Accuracy of non-invasive stress testing in women and men with angina in the absence of obstructive coronary artery disease

Vedant S. Pargaonkar, Yuhei Kobayashi, Takumi Kimura, Ingela Schnittger, Eric K.H. Chow, Victor F. Froelicher, Ian S. Rogers, David P. Lee, William F. Fearon, Alan C. Yeung, Marcia L. Stefanick, Jennifer A. Tremmel

Research output: Contribution to journalArticlepeer-review

5 Scopus citations

Abstract

Objective: While >20% of patients presenting to the cardiac catheterization laboratory with angina have no obstructive coronary artery disease (CAD), a majority (77%) have an occult coronary abnormality (endothelial dysfunction, microvascular dysfunction (MVD), and/or a myocardial bridge (MB)). There are little data regarding the ability of noninvasive stress testing to identify these occult abnormalities in patients with angina in the absence of obstructive CAD. Methods: We retrospectively evaluated 155 patients (76.7% women) with angina and no obstructive CAD who underwent stress echocardiography and/or electrocardiography before angiography. We evaluated Duke treadmill score, heart rate recovery (HRR), metabolic equivalents, and blood pressure response. During angiography, patients underwent invasive testing for endothelial dysfunction (decrease in epicardial coronary artery diameter >20% after intracoronary acetylcholine), MVD (index of microcirculatory resistance ≥25), and intravascular ultrasound for the presence of an MB. Results: Stress echocardiography and electrocardiography were positive in 58 (43.6%) and 57 (36.7%) patients, respectively. Endothelial dysfunction was present in 96 (64%), MVD in 32 (20.6%), and an MB in 83 (53.9%). On multivariable logistic regression, stress echo was not associated with any abnormality, while stress ECG was associated with endothelial dysfunction. An abnormal HRR was associated with endothelial dysfunction and MVD, but not an MB. Conclusion: Conventional stress testing is insufficient for identifying occult coronary abnormalities that are frequently present in patients with angina in the absence of obstructive CAD. A normal stress test does not rule out a non-obstructive coronary etiology of angina, nor does it negate the need for comprehensive invasive testing.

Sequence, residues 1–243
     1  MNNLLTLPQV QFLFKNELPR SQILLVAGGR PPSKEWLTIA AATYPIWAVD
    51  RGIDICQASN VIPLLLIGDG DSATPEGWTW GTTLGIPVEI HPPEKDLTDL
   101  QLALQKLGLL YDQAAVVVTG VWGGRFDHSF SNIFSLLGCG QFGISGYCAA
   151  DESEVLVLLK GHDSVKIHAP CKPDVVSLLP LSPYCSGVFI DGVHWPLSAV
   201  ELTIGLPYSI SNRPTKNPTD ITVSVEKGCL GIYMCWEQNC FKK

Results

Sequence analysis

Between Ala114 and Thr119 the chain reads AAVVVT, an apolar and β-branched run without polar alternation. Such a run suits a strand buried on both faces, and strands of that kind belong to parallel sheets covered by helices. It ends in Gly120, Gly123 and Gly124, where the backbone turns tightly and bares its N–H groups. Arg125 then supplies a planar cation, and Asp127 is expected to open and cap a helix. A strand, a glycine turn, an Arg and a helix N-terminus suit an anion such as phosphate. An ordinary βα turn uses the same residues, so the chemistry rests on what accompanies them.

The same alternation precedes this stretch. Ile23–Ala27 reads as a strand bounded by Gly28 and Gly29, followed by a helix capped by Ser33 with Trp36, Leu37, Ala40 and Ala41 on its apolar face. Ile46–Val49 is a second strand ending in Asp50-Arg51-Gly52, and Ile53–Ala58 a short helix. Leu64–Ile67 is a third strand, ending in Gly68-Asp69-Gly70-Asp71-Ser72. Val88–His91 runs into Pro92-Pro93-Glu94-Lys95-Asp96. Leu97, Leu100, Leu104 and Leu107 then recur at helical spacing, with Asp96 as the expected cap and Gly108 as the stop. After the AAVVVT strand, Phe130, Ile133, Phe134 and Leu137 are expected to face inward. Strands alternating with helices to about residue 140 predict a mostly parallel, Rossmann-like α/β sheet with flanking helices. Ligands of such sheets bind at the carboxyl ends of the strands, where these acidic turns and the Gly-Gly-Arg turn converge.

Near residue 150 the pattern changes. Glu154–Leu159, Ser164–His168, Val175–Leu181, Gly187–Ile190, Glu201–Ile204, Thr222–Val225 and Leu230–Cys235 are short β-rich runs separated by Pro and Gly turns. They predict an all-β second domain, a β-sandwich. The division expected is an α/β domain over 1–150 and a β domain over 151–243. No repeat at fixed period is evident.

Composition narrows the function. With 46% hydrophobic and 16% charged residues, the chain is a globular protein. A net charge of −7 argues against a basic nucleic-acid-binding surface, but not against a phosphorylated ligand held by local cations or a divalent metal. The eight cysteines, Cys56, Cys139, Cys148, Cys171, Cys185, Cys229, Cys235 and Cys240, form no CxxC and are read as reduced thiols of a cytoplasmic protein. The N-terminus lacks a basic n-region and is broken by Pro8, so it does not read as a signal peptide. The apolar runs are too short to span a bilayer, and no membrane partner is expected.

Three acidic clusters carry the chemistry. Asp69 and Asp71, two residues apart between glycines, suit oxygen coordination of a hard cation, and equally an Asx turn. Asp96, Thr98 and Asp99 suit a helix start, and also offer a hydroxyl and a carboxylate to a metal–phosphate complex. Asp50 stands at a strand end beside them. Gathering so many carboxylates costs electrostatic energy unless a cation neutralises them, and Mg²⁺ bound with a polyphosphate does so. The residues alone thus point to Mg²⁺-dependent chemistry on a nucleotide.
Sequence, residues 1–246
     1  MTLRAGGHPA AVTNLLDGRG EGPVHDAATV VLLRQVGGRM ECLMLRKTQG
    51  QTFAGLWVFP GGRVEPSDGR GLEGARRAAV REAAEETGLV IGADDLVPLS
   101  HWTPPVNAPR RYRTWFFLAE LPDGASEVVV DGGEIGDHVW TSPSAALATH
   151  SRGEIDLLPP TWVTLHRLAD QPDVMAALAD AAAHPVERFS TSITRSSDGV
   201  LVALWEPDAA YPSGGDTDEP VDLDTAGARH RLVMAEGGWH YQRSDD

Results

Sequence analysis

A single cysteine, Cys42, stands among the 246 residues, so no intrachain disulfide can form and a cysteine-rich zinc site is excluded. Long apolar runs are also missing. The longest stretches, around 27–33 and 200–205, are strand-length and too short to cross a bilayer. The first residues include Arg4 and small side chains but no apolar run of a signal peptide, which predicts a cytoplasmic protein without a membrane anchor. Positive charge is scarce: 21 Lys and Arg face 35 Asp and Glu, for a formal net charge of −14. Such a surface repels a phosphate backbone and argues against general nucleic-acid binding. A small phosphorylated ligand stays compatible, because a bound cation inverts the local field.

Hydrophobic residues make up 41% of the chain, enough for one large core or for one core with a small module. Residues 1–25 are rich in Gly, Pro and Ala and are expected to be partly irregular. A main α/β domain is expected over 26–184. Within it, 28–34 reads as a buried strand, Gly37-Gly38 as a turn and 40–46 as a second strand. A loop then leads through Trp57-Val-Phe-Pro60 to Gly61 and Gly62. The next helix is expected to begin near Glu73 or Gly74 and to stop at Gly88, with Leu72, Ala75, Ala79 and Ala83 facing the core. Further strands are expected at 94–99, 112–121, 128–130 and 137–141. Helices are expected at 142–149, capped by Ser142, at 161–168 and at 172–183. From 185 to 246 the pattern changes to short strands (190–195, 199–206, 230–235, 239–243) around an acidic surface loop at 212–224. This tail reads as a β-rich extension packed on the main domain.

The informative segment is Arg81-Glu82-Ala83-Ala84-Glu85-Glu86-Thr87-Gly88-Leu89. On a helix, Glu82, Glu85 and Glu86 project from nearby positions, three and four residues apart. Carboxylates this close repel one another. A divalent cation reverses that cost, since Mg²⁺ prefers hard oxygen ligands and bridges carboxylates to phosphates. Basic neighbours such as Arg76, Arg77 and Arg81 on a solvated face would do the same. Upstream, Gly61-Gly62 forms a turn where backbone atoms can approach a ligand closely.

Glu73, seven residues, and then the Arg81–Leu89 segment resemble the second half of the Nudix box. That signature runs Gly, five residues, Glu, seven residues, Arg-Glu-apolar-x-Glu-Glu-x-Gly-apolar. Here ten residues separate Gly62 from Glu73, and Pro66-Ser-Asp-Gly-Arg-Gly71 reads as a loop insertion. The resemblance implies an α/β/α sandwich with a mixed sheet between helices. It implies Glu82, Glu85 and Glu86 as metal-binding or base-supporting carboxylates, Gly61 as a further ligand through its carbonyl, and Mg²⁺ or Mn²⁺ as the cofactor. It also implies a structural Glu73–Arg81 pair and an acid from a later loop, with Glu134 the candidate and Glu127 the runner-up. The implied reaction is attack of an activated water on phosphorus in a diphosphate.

Original languageEnglish (US)
Pages (from-to)7-15
Number of pages9
JournalInternational Journal of Cardiology
Volume282
DOIs
StatePublished - May 1 2019
Externally publishedYes

Keywords

  • Angina
  • Coronary artery disease
  • Echocardiography
  • Electrocardiography

ASJC Scopus subject areas

  • Cardiology and Cardiovascular Medicine

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